Dianne Sakaguchi, a technical advisor for a federal research center in El Segundo, Calif., says she’s not tempted by the new tickets. “I would never choose a basic economy fare,” she says. What’s more, the prospect of having to fly for business is getting more daunting.
“Travel used to be a normal part of work because face-to-face meetings work best to resolve very complicated issues,” she says. “Quite a few people are avoiding the travel misery by using less effective telephone meetings. Basic economy can only make this worse.”
Here’s the basic problem: Air travelers and airlines can’t seem to agree on the definition of a ticket. Consumers may tolerate the discount carrier definition, which relies on upselling extras for making money. They may laugh at the absurdity of these low fares and where it’s all headed. Ryanair famously predicted its fares would soon be “free,” thanks at least in part to its model of charging a low fare and then selling passengers services they need.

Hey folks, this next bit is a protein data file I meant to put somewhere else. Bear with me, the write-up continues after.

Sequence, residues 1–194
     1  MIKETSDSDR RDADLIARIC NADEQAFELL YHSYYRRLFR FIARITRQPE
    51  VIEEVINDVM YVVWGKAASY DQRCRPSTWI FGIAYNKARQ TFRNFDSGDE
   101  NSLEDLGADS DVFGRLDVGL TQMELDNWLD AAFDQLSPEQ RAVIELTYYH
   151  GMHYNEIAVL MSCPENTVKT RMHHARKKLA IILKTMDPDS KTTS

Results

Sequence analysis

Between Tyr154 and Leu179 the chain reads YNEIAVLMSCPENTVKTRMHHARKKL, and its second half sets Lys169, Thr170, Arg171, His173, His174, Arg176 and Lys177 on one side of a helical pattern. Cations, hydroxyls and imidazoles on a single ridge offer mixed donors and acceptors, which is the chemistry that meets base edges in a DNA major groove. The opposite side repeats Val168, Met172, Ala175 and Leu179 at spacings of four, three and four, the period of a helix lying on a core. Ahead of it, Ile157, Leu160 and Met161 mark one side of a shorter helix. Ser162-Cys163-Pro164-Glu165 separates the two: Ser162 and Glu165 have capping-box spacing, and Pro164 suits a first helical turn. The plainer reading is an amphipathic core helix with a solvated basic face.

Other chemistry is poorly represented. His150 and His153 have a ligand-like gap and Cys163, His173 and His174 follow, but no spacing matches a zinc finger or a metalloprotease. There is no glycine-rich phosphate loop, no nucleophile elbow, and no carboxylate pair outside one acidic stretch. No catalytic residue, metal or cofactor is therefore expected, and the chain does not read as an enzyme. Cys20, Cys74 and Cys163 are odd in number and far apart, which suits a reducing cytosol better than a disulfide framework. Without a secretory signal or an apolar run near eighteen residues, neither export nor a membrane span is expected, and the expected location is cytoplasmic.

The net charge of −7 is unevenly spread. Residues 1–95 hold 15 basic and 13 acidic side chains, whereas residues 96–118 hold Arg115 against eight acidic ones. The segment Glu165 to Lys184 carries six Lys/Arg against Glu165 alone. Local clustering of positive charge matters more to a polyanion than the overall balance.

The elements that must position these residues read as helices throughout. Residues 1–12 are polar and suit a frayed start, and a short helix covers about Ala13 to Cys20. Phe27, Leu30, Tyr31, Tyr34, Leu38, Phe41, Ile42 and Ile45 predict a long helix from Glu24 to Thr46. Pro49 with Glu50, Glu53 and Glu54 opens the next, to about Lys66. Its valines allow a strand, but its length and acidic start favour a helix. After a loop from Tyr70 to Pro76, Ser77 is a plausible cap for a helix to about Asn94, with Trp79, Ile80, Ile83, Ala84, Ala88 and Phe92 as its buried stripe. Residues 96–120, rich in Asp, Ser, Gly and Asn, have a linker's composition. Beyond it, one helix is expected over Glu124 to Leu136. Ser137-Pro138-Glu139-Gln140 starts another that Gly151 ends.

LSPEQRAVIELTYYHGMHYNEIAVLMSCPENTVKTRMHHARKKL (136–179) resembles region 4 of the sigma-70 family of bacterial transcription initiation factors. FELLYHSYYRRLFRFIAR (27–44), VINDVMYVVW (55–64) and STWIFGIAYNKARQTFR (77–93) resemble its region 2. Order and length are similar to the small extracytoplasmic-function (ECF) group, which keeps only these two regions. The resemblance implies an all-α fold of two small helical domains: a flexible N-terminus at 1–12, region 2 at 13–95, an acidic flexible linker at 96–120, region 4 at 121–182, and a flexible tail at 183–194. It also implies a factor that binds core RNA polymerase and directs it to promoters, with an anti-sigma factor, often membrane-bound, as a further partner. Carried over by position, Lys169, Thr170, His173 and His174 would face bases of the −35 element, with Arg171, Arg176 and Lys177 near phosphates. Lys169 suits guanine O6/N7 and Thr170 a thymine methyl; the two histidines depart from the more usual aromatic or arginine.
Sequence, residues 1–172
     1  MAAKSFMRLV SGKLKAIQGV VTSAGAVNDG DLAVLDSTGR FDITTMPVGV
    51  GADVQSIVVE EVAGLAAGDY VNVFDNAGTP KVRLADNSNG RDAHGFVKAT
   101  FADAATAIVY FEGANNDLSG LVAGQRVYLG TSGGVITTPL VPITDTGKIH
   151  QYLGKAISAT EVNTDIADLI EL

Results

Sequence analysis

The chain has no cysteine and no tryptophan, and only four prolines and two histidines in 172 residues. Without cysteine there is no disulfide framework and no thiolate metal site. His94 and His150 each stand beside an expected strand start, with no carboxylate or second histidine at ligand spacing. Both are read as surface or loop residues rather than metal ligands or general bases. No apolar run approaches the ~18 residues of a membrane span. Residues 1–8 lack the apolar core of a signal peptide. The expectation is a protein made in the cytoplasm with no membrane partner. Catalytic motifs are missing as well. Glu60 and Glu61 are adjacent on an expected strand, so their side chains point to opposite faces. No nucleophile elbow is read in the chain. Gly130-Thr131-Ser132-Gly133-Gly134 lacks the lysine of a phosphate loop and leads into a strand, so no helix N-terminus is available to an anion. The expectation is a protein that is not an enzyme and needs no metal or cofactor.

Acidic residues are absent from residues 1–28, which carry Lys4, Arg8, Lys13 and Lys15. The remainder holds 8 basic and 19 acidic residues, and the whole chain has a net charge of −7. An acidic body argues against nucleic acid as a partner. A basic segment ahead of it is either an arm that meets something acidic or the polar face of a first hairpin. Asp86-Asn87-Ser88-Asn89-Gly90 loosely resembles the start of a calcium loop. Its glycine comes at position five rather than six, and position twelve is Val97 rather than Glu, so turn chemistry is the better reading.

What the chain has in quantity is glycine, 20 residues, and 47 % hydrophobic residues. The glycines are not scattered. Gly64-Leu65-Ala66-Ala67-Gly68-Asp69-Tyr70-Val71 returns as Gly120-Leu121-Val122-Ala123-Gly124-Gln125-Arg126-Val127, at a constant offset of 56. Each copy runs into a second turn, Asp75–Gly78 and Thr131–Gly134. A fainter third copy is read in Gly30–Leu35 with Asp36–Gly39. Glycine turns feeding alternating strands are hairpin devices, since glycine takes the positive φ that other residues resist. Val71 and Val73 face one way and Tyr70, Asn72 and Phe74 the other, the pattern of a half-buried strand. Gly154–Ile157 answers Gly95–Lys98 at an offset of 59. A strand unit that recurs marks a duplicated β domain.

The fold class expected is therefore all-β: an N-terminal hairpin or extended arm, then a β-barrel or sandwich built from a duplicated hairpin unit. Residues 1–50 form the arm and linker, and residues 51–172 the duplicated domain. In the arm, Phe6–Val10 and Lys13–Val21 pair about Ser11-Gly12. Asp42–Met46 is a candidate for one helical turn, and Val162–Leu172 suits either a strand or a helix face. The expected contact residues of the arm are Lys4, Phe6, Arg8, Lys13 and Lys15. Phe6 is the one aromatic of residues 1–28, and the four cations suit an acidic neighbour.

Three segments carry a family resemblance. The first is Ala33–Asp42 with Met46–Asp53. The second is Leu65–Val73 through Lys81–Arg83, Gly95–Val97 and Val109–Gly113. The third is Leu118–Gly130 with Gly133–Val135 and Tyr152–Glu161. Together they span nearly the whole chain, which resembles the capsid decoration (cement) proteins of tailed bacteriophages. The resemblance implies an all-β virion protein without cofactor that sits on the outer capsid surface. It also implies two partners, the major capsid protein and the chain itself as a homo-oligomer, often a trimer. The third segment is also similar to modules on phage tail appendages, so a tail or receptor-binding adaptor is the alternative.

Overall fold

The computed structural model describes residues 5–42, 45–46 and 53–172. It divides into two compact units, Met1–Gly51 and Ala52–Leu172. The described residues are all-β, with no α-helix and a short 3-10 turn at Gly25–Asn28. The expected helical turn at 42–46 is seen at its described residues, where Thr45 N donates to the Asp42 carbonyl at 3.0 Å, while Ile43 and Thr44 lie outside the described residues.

But on a full-service legacy carrier, even the cheapest fare should include essential amenities, like a confirmed seat, a carry-on item and a checked bag. To eliminate those amenities is like selling a car without vital parts, consumer advocates say. Technically, it’s still a car, but it’s hardly roadworthy.
“This is the way to increase profits,” says Roland Rust, a marketing professor at the University of Maryland. “Add-on fees add up. It’s like saying, ‘Here’s your new car, now would you like tires with that?’ And it’s similar to what the retail banking industry is doing — making an increasing percentage of their revenues from fees.”